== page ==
'Thank you Canada': Alan Kurdi's family arrives in Vancouver
Published Monday, December 28, 2015 7:03AM EST
Last Updated Monday, December 28, 2015 10:10PM EST
Relatives of Alan Kurdi, the Syrian boy whose lifeless body was photographed washed up on the shores of a Turkish beach earlier this year, arrived in Canada on Monday.
Mohammed Kurdi, his wife and their five children touched down in Vancouver shortly before noon. They were greeted by his sister and sponsor, Tima Kurdi, and a small crowd of well-wishers waving miniature Canadian flags.
“Thank you Canada! Thank you Canada!” the Kurdi children chanted in English, during an emotional press conference for which Tima Kurdi provided translation from Arabic.
“We are very happy, finally, this is a dream come true,” said Mohammed Kurdi.
“We almost lost hope, but thank you to the Canadian government and the Canadian people who made it happen, and to the group of five (private refugee sponsors) and our family,” he added.
One of the older boys said he was thankful not only to the Canadian people and Canadian government, but also to government of Turkey, to which the family had first fled.
“I’m happy to start going to school and start a new life, but at the same time, all the thoughts in the airplane, the 10 hours, (we were) thinking about the cousin,” the boy said, according to Tima Kurdi.
Tima Kurdi then thanked a long list of people for helping get her family to Canada.
She thanked NDP MP Fin Donnelly, NDP MLA Selina Robinson, Coquitlam mayor Richard Stewart and “our Prime Minister Justin Trudeau, for opening the door and showing the world how everyone should welcome and save lives.”
On behalf of her brother (and Alan's father) Abdullah, who has chosen not to come to Canada, she thanked the Turkish government and the Kurdistan government in the autonomous region of Iraq, where he is now living.
Kurdi also noted the “German people, who are opening the door to refugees.” Germany took in more than one million migrants in 2015, many of them from Syria.
Kurdi said her message to the refugees of the world is that “there’s always a light at the end of the tunnel.”
“I walked through that tunnel,” she said. “I did not see that light yet, but it doesn’t mean it’s the end… keep walking until you find your light.”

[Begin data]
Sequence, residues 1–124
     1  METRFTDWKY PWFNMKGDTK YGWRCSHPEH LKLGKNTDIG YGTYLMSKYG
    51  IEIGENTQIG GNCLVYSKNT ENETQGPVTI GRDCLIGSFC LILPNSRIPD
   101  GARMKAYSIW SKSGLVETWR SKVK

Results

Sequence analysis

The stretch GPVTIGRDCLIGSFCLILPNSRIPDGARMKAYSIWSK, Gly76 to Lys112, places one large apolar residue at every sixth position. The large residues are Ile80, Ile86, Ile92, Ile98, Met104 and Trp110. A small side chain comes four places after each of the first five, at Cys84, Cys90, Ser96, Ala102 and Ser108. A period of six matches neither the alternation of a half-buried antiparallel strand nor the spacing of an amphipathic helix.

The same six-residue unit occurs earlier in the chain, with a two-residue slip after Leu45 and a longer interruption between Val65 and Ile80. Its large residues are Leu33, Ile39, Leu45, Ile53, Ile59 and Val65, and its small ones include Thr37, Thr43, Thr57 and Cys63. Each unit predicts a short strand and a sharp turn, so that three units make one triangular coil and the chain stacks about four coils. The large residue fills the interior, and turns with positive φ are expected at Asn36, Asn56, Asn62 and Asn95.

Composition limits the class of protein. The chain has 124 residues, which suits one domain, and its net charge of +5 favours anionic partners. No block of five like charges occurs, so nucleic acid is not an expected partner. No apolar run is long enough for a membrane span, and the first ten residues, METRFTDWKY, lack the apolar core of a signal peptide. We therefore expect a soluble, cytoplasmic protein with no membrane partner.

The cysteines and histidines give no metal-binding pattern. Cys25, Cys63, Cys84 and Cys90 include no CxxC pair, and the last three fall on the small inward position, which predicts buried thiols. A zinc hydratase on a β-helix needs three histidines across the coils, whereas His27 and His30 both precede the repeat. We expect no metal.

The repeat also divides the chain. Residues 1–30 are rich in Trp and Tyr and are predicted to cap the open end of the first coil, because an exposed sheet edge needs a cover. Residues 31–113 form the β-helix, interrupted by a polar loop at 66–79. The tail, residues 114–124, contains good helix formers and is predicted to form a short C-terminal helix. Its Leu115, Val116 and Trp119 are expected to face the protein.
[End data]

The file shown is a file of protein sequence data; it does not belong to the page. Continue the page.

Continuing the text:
Earlier in the day, Kurdi told CTV News Channel that while the tragedy involving her nephew has been very painful for the entire family, she hopes it serves as a reminder to the world of the plight of refugees fleeing violence.
"Even though the tragedy was very painful for us, it's opened the doors for others -- that's what counts," she said of Alan Kurdi's death. "I hope his death won't be in vain."
The three-year-old boy drowned in September along with his older brother and their mother while attempting to cross the waters between Turkey and Greece. Images of his lifeless body, face-down in the sand, helped show the world the plight of the hundreds of thousands who've fled Syria and Iraq for safety.
Alan Kurdi's father had attempted the dangerous water crossing after the Canadian government rejected his brother Mohammed's original refugee application. Canadian officials said the application didn't have the required documentation.
Citizenship and Immigration Canada later asked Tima Kurdi to re-apply for her brother, Mohammed Kurdi, and his family in mid-October.
Tima Kurdi said the entire family of seven will join her family of three in their Vancouver home. "We have enough room, and I did my best, me and my husband and my son. We made it nice and comfy," she said.
Tima Kurdi said after losing his wife and children, Abdullah Kurdi has devoted his life to helping other refugees.
Syrian refugees have been arriving in Canada on a frequent basis since the beginning of December. The Liberals have committed to taking in 25,000 refugees by the end of February, although they admit they will likely fall short of their revised target to settle 10,000 by the end of the year.
With files from The Canadian Press